Along with uterine cancer, Ovarian Cancer remains to be one of the most common forms of cancer that affects women, especially dose reaching menopause. Symptoms of this cancer form include irregular menses, heavier bleeding than usual, stones or tumours in the ovarian, pain accompanied with bleeding at random times, etc.
HOW IS OVARIAN CANCER DIAGNOSED?
The following tests are used to diagnose ovarian cancer:
• Blood test.
• Laparoscopy - a laparoscope (a thin viewing tube with a camera at the end) is inserted into the patient through a small incision in the lower abdomen.
• Colonoscopy - if the patient has had bleeding from the rectum or is constipated, the doctor may order a colonoscopy to examine the large intestine (colon). This test is not always used.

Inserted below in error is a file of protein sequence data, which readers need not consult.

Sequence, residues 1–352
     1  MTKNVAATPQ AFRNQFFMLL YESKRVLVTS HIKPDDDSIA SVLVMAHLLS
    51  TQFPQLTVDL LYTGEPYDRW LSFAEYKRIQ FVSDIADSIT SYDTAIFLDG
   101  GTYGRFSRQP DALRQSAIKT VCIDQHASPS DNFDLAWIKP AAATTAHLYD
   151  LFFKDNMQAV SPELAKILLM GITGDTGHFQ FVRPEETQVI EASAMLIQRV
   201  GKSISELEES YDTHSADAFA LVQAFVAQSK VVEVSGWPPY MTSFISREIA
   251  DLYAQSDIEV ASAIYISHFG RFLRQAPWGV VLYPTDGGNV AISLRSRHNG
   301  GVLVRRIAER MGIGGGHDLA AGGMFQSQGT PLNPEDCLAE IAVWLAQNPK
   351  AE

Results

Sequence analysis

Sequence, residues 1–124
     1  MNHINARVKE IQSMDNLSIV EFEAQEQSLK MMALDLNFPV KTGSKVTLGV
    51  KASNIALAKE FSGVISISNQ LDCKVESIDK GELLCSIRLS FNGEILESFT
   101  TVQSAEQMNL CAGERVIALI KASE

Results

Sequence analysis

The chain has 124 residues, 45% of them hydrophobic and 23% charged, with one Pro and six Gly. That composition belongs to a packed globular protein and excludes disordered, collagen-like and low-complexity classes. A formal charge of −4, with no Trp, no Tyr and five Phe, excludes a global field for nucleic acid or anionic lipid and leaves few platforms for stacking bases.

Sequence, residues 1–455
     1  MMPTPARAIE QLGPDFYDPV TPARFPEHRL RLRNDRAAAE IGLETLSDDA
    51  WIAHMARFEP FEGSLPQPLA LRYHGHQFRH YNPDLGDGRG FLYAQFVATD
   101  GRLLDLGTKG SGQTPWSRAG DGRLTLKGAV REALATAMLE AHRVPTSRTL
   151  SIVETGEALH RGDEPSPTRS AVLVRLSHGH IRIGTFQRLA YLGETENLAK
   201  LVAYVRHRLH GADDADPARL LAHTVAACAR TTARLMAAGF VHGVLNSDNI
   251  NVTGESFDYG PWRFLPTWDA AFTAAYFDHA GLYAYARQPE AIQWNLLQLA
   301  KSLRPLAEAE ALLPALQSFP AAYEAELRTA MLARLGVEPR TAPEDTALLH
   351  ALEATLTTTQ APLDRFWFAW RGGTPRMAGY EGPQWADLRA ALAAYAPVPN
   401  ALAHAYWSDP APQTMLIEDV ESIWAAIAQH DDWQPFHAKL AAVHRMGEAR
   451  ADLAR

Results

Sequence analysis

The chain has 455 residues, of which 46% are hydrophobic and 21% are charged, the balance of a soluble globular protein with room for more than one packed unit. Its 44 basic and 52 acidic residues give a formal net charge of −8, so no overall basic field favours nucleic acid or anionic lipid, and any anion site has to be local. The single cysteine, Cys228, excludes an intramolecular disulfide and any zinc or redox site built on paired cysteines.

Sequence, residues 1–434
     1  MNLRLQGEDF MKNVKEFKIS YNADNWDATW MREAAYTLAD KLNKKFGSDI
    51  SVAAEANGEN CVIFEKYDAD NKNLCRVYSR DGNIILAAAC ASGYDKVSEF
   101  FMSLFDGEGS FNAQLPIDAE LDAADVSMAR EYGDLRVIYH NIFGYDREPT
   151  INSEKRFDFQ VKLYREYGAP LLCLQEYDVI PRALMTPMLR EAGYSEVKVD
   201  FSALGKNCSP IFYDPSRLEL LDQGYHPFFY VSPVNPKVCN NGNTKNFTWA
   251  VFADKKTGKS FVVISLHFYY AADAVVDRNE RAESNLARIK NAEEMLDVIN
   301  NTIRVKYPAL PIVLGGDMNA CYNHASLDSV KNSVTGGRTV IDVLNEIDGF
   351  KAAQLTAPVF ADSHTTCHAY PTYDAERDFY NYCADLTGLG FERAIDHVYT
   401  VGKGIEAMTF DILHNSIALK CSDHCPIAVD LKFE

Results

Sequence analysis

• Abdominal fluid aspiration - this is done if the patient's abdomen is swollen. A buildup of fluid in the abdomen might indicate that the ovarian cancer has spread.
• CT scan.
HOW IS OVARIAN CANCER TREATED?
Treatment usually includes the removal of either one or more of the ovaries. In rare cases, the entire fallopian tube may also have to be removed. However, post the ovary removal, chemo and radiation therapy is continued because of restricting the cancer cells and preventing a relapse. Also, if not treated on time, there is a chance of the cancer spreading to the uterus.
DID YOU KNOW?
Early-stage ovarian cancer, in which the disease is confined to the ovary, is more likely to be treated successfully.